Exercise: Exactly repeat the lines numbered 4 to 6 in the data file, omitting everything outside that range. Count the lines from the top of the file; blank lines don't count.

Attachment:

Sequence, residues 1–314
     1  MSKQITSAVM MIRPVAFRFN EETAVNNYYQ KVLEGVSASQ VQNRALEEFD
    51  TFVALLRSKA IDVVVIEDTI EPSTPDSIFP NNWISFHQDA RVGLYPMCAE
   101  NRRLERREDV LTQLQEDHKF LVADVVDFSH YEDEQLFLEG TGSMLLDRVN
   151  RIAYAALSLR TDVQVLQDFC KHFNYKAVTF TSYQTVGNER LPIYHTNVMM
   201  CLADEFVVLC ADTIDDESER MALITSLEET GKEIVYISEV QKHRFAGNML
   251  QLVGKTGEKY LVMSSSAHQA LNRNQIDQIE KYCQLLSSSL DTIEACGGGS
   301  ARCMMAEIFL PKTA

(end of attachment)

   101  NRRLERREDV LTQLQEDHKF LVADVVDFSH YEDEQLFLEG TGSMLLDRVN
   151  RIAYAALSLR TDVQVLQDFC KHFNYKAVTF TSYQTVGNER LPIYHTNVMM
   201  CLADEFVVLC ADTIDDESER MALITSLEET GKEIVYISEV QKHRFAGNML